As US Resumes Talks, Iran Threatens to “Turn New York Into Heap of Rubble”

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Illustrative: Iran's Revolutionary Guard members stand in front of Shahab-3 missile which is displayed during the annual pro-Palestinians Al-Quds, or Jerusalem, Day rally in Tehran, Iran, April 29, 2022. (AP Photo/Vahid Salemi)

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Iranian officials now speak openly about something long denied by Tehran as it enriches uranium at its closest-ever levels to weapons-grade material: The Islamic Republic is ready to build an atomic weapon at will.

The remarks could be bluster to force more bargaining-table concessions from the U.S. without planning to seek the bomb. Or, as analysts warn, Iran could reach a point like North Korea did some 20 years ago where it decides having the ultimate weapon outweighs any further international sanctions.

All this could be put to the test Thursday as Iran, the U.S. and the European Union prepare for a snap summit that appears to be a last-ditch effort in Vienna to revive Tehran’s tattered nuclear deal amid the new pressure. That includes one Iranian video online suggesting the country’s ballistic missiles could “turn New York into a heap of rubble from hell.”

Hyperbole aside, the language taken as a whole marks a distinct verbal escalation from Tehran.

“In a few days we were able to enrich uranium up to 60% and we can easily produce 90% enriched uranium. … Iran has the technical means to produce a nuclear bomb but there has been no decision by Iran to build one,” Kamal Kharrazi, an adviser to Supreme Leader Ayatollah Ali Khamenei, told Al Jazeera in mid-July. Uranium enriched at 90% is considered weapons-grade.

Ataollah Mohajerani, a culture minister under reformist President Mohammad Khatami, then wrote in Iran’s Etemad daily newspaper that Kharrazi’s announcement that Iran could make a nuclear weapon provided a “moral lesson” for Israel and President Joe Biden.

And finally Mohammad Eslami, the head of Iran’s civilian nuclear agency, made his own reported comment about a potential military aspect to Iran’s program.

“As Mr. Kharrazi mentioned, Iran has the technical ability to make an atomic bomb, but there is no such plan on the agenda,” Eslami said Monday, according to the semiofficial Fars news agency.

Eslami’s agency later said he had been “misunderstood and misjudged” — likely a sign Iran’s theocracy didn’t want him to have been so specific. Eslami’s threat also carries more weight than others as he’s directly worked for Iranian defense agencies linked to Iran’s military nuclear program — including one that secretly built uranium-enriching centrifuges with Pakistani nuclear proliferator A.Q. Khan’s help.

As of the last public IAEA count, Iran has a stockpile of some 3,800 kilograms (8,370 pounds) of enriched uranium. More worrying for nonprofileration experts, Iran now enriches uranium up to 60% purity — a level it never reached before that is a short, technical step away from 90%. Those experts warn Iran has enough 60%-enriched uranium to reprocess into fuel for at least one nuclear bomb.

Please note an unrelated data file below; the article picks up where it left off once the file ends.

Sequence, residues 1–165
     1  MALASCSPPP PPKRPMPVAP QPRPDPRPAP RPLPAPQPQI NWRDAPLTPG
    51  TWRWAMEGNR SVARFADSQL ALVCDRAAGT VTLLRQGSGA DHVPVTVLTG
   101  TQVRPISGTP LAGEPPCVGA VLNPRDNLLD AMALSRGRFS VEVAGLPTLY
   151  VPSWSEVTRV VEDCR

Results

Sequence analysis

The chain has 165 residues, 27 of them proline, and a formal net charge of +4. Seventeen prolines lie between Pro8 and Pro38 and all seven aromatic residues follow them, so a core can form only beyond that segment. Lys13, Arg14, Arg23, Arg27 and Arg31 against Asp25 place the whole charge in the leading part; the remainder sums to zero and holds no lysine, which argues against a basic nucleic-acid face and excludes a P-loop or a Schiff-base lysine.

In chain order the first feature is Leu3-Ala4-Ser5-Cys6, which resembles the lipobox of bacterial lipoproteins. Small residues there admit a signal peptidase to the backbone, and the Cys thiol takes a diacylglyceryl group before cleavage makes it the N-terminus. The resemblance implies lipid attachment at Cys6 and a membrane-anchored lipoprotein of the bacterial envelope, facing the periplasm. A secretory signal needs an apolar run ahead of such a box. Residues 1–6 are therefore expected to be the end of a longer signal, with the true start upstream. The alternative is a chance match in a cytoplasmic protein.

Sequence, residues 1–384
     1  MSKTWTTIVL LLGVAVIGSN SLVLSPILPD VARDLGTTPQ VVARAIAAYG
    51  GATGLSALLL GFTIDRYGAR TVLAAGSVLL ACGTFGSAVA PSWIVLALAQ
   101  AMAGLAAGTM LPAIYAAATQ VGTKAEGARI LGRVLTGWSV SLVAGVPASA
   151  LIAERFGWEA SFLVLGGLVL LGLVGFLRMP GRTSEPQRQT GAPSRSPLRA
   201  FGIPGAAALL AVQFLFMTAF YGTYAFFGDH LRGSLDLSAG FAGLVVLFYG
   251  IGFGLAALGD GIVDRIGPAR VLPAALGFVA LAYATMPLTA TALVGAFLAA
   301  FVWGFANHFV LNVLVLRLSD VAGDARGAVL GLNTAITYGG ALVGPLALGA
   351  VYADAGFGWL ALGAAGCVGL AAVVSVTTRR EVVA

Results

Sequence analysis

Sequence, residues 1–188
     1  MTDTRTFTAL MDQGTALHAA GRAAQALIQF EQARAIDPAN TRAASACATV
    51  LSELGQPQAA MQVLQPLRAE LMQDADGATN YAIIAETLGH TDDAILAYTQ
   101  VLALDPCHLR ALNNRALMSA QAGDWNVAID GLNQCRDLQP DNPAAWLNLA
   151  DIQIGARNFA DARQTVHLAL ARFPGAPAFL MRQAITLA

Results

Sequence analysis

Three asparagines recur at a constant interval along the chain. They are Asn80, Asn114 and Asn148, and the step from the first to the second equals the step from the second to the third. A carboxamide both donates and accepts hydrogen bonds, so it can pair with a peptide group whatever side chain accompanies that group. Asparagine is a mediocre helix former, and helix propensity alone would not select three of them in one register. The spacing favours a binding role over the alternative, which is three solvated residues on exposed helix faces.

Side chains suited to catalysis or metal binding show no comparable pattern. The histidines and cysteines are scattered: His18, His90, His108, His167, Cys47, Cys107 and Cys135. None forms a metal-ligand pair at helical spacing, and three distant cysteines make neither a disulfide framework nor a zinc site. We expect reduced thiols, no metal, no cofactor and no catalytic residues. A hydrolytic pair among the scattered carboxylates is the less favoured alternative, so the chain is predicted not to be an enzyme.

Iranian diplomats for years have pointed to Khamenei’s preachings as a binding fatwa, or religious edict, that Iran wouldn’t build an atomic bomb.

“We do not need nuclear bombs. We have no intention of using a nuclear bomb,” Khamenei said in a November 2006 speech, according to a transcript from his office. “We do not claim to dominate the world, like the Americans, we do not want to dominate the world by force and need a nuclear bomb. Our nuclear bomb and explosive power is our faith.”

But such edicts aren’t written in stone. Khamenei’s predecessor, Grand Ayatollah Ruhollah Khomeini, issued fatwas that revised his own earlier pronouncements after he took power following the 1979 Islamic Revolution. And anyone who would follow the 83-year-old Khamenei as the country’s supreme leader could make his own fatwas revising those previously issued.

For now though, it appears Iran will continue to lean into the atomic threat. Public opinion appears to be shifting as well.

A July telephone survey by IranPoll, a Toronto-based firm, suggests about a third of the Iranian public now support abandoning the Treaty on the Nonproliferation of Nuclear Weapons and pursuing the bomb. A September 2021 poll found less than one in 10 respondents supported such a move.

The margin of error for the firm’s two polls of 1,000 respondents was around 3 percentage points.

A video recently posted online by an account believed to be associated with Iran’s paramilitary Revolutionary Guard bluntly made the missile threat on New York. It described Iran as being “one step away from a nuclear breakthrough and from joining (other countries) that have nuclear weapons.”

The video’s title? “When Will Iran’s Nuclear Bombs Be Awakened From Their Slumber?”

(AP)

5 COMMENTS

  1. “Iran could reach a point like North Korea did some 20 years ago where it decides having the ultimate weapon outweighs any further international sanctions”

    Good morning America, they reached this point long ago!
    Only, you have kept giving them money with your false illusions.

  2. Give Iran credit for bravery (or stupidity, or both). Issuing a dare to a country that is much stronger than you are, and would suffer no economic consequences from wiping you out, is chutzpah. The danger for Iran, especially if the war is spreading elsewhere (Europe, East Asia, and who knows where else) is the US (or Israel) will take the threat at face value and decide it is convenient to blow Iran off the face of the earth so they can worry about the bigger events (e.g. Russia and China) elsewhere.

  3. Those Ayatollahs and supreme leaders must realize that any attack attempting to turn New York into a heap of rubble would result in their entire country being obliterated. Our long range weapons are far from NYC.